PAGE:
13. Rotational Inertia & Energy

Intro to Rotational Kinetic Energy

# Mass of re-designed flywheel

Patrick Ford

666

1

Was this helpful?

Bookmarked

Hey, guys. So here we have a rotational, kinetic energy problem off the proportional reasoning type and what that means. It's one of those questions where I ask you, how does changing one variable affect another variable? It's one of those. Okay, so let's check it out. I'm gonna show you what I think is the easiest way to solve these. So it says you're tasked with redesigning a solid disc flywheel on. Do you want to decrease the radius by half? So first things first. Solid disk means that the moment of inertia is half M R square. That's the equation for a solid desk or solid cylinder. And you want the new radius I'm gonna call. This are to to be half of our one, and I want to know by how much mass or how much mass must the new fly we'll have eso. It's the new mass relative to the original mass so that you can store the same amount of energy you want. The amount of energy that you store to be the same theme amount of energy stored is given by K R. That's energy stored, right, um which is given by half. I Omega squared. This is energy stored as rotational kinetic energy in a flywheel. You want this number not to change. You want this number to be a Constance Constance. Okay, So how do you do this? Well, if our changes, if our changes right here, then eyes going to change, and if I change is K is going to change. And that's bad news. So how do we change something else so that the K doesn't change well for the k not to change. Um, for the k not to change. You have to make sure that the I doesn't change. And for the I not to change, you have to cancel out changing our with changing em. Okay, so what I'm gonna do here is I'm gonna expand this equation half. Um, I is half m r squared Omega Square. So now I see all the variables that affect my K. And again, the K has to remain constant. So if my radius is becoming half as large, it means that it is decreasing by a factor of two. Okay, so but the the R is squared, which means that when I reduce our by a factor of two I also have to square this and are is becoming half a xlat. But then the whole thing R squared is becoming four times smaller. Okay, four times smaller. What that means is that if you wanna keep everything constant, mass has to grow by a factor of four X. Okay, so my new mass has to be four times my old mass, and that's the answer. Cool. So again, our decreases by a factor of two. But then you have to square because there's a square here you get a four. If one variable decreases by four, the other one has to increase by four notice. There's no squares in the M, so it's just a four. Not to nothing crazy like that. Cool. That's it for this one. Let me know if have any questions.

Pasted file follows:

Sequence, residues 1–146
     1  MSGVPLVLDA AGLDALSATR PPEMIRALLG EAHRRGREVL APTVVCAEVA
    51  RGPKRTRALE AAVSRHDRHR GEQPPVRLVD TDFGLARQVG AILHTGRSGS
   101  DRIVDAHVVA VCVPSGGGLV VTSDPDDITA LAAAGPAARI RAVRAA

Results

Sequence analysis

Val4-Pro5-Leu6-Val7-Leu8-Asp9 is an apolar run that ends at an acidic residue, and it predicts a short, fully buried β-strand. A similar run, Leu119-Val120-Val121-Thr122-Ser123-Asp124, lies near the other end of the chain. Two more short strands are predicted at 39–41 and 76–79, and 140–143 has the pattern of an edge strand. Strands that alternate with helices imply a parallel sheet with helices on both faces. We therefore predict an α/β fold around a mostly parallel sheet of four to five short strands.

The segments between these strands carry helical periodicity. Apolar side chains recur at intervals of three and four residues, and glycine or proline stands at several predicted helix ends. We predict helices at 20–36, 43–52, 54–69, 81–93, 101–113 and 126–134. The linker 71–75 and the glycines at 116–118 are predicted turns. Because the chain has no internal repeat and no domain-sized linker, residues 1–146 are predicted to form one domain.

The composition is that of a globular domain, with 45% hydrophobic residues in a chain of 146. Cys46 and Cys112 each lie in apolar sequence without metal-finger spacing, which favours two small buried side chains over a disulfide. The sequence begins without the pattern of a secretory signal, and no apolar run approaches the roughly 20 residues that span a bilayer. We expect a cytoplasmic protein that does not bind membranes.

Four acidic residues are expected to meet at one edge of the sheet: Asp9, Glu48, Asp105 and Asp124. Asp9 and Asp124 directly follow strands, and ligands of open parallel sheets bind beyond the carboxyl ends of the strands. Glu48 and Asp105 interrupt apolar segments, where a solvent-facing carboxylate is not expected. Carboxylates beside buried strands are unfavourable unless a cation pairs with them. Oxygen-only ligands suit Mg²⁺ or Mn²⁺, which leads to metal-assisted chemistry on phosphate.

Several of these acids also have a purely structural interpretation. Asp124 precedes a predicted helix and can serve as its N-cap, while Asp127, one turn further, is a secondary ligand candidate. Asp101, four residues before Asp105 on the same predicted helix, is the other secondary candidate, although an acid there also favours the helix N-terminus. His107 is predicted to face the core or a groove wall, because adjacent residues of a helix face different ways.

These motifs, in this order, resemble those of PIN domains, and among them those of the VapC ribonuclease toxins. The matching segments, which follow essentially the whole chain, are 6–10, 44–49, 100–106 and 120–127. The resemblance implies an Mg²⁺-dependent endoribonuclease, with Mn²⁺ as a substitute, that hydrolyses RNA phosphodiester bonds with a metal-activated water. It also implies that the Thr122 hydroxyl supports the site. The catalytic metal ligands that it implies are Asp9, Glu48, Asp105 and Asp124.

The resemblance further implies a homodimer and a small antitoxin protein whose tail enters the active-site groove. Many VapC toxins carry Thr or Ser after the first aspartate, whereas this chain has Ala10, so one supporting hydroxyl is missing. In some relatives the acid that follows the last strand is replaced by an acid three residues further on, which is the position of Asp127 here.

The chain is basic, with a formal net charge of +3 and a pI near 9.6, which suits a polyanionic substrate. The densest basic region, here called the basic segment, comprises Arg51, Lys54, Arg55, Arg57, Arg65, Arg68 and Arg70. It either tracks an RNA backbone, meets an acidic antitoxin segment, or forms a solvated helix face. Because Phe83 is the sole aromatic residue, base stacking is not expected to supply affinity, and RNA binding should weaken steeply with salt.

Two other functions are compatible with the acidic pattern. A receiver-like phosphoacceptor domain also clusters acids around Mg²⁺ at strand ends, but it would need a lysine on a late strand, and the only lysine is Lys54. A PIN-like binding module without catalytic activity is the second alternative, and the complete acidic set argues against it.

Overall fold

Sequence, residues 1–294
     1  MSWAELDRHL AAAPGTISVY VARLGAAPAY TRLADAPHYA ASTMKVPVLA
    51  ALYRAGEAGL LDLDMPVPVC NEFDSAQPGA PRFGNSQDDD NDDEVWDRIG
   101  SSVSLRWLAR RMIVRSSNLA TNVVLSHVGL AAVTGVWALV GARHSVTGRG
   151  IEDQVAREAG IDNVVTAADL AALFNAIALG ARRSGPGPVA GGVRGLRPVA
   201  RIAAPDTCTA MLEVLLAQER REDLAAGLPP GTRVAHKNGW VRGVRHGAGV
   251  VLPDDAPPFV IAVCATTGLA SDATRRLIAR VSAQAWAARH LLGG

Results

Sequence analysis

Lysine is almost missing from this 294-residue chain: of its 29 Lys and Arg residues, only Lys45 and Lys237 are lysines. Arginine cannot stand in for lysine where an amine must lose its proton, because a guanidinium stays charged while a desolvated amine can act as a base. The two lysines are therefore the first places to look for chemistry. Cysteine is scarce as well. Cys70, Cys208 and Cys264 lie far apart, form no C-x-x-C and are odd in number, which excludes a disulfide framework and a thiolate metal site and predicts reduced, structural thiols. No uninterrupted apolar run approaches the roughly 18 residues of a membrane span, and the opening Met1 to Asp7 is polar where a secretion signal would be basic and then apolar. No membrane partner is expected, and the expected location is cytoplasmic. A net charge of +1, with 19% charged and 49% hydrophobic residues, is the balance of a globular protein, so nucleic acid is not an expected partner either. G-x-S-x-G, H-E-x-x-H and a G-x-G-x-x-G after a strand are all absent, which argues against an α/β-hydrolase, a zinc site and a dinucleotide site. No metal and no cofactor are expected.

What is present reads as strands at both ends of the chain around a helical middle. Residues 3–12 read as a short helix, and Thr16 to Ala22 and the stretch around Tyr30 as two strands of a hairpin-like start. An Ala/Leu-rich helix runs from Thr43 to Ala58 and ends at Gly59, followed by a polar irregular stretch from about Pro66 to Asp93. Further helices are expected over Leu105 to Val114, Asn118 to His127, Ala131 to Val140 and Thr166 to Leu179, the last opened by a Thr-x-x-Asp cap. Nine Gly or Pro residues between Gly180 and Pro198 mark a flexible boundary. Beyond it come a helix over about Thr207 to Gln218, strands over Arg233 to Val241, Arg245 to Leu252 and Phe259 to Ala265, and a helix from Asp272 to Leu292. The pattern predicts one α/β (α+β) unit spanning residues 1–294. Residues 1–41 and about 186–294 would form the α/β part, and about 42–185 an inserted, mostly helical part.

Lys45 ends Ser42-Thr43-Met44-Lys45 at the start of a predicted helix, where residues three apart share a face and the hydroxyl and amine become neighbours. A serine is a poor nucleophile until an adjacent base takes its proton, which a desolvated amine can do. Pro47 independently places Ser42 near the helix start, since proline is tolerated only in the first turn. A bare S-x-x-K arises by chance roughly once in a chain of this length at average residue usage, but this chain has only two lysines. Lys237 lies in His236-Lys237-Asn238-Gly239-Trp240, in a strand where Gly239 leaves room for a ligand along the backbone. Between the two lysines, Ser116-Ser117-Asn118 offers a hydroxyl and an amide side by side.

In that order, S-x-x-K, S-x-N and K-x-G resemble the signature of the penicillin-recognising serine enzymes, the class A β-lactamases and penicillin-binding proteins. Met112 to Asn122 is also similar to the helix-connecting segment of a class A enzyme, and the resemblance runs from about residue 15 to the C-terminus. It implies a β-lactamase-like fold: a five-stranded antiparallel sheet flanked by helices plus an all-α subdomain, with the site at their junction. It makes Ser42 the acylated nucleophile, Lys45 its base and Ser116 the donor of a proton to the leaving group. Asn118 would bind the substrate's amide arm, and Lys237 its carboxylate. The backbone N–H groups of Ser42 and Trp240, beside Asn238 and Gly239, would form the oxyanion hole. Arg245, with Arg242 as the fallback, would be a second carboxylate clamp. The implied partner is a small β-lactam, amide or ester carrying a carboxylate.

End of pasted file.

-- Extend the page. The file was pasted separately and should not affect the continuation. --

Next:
Related Videos

Related Practice

Showing 1 of 5 videos